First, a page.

Now, you may be asking, “I’ve already registered my business name with the state government, doesn’t that protect me?” Though state business registration is important, it only applies to the state where you register. It may stop another company from registering the exact same name in the same state, but it does not give you formal ownership rights over a name or protect you outside of the state.

Trademark Registration Benefits

Federal trademark registration, on the other hand, gives you the exclusive right to use your business name nationwide in connection with the goods and services you’ve identified in your application and allows you to take swift action and enforce your trademark rights by filing a lawsuit in federal court.

In addition to these benefits, you gain several other advantages, including:Trademark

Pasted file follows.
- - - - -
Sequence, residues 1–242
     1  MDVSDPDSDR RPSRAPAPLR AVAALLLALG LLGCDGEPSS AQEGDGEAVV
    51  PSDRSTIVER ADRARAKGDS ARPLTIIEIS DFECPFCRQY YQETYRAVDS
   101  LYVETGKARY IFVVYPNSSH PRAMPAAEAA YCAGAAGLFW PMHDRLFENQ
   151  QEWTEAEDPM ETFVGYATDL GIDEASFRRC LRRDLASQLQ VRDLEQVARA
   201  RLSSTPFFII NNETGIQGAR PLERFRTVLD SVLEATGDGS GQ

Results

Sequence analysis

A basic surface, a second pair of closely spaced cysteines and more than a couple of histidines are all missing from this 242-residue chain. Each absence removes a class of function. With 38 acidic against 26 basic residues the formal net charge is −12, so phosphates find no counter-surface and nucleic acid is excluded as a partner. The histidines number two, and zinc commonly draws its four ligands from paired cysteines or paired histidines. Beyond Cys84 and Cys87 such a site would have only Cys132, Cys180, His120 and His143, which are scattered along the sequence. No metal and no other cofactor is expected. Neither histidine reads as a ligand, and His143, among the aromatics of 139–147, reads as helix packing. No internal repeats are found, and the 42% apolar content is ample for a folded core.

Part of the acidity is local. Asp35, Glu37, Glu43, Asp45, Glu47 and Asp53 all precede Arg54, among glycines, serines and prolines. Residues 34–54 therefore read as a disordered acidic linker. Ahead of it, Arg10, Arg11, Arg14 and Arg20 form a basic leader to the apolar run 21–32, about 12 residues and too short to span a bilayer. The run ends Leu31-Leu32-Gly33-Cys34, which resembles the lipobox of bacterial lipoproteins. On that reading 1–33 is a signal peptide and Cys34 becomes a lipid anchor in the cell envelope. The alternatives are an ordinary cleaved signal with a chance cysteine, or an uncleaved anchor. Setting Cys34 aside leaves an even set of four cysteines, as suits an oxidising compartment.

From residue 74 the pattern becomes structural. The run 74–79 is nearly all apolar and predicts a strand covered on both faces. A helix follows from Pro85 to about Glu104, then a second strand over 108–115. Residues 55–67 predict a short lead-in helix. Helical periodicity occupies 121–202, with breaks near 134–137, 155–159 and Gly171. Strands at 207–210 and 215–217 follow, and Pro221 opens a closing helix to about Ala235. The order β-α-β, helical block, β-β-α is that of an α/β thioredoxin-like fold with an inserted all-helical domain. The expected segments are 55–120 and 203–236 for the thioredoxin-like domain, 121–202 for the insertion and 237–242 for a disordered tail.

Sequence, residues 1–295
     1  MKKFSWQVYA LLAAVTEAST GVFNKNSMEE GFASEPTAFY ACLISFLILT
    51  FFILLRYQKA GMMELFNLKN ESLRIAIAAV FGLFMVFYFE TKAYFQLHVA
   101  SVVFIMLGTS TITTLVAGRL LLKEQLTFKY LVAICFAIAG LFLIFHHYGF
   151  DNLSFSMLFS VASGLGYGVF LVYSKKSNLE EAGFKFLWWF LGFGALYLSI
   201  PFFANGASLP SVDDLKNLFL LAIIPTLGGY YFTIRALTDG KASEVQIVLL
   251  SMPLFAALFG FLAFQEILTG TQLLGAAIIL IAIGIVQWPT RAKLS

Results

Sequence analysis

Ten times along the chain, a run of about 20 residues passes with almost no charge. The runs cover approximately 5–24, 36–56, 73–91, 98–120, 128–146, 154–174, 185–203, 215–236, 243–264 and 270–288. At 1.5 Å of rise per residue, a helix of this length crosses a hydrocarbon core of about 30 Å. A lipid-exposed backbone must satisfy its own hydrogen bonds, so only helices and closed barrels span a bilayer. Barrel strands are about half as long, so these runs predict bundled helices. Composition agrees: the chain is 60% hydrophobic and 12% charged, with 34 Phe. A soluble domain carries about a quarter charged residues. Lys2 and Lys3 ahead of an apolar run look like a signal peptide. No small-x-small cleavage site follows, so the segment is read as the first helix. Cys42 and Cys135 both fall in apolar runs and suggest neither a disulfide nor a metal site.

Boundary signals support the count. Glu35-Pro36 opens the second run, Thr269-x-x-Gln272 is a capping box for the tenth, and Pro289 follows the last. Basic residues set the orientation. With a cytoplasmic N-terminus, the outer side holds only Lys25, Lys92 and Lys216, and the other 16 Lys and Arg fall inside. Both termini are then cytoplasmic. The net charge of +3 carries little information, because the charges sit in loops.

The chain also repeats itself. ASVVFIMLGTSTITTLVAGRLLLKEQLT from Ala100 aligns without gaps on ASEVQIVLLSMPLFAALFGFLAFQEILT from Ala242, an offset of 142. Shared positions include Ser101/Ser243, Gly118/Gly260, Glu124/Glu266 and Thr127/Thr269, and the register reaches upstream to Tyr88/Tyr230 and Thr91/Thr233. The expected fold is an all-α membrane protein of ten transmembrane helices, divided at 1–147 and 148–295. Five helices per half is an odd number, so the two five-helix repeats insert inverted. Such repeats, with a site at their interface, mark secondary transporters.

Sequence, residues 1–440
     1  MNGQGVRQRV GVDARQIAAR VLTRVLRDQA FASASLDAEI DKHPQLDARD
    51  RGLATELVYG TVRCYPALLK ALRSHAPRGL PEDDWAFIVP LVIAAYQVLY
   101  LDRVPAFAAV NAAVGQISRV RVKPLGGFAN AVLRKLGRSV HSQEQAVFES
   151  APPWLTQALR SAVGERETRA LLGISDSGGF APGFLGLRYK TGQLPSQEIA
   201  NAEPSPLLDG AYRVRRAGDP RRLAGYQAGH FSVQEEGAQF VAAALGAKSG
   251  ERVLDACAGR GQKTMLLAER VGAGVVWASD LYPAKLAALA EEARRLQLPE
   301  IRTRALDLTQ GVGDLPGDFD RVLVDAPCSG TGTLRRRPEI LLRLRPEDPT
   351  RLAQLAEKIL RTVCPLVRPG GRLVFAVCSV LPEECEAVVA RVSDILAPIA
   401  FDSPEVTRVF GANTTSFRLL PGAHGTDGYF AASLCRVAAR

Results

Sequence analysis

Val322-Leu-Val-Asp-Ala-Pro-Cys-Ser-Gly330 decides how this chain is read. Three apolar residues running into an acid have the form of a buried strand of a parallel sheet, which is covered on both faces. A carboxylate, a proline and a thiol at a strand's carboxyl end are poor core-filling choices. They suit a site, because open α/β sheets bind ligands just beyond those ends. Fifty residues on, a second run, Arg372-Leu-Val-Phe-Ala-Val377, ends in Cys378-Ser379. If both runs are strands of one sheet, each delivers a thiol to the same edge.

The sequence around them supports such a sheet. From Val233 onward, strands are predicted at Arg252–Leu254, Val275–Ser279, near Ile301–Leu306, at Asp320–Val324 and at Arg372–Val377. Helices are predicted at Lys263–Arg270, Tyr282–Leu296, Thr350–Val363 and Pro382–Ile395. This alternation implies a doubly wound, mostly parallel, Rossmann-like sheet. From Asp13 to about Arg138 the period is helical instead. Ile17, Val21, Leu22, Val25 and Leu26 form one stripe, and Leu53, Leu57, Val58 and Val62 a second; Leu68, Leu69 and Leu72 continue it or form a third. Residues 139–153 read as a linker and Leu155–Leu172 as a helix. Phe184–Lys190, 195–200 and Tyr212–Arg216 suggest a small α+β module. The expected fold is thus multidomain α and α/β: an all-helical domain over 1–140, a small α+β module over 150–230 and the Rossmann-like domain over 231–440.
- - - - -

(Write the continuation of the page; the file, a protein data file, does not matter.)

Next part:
• A record of ownership of the trademark, and a proven date of first use.
  • A legal presumption that you own the trademark and can use it for the goods and services listed in your application.
  • Right to use the registered trademark symbol ®
  • U.S. registration creates some ease in registering your mark internationally.

Registration also makes your mark visible to anyone doing a trademark search, thereby decreasing the likelihood that another will use it.

But, What About Common Law Rights?

At this point, you may be thinking, “don’t I have trademark rights to stop infringing activity before I even apply for registration?” Yes, you do. You can claim ownership of your trademark without officially registering it with the United States Patent and Trademark Office (USPTO), however, your rights are limited to the geographic regions where your mark is used. So, those rights wouldn’t be enforceable against a competitor who pops up in a region where you were considering expanding to, but had yet to do so.

So, When Is It a Good Time to Start the Trademark Registration Process?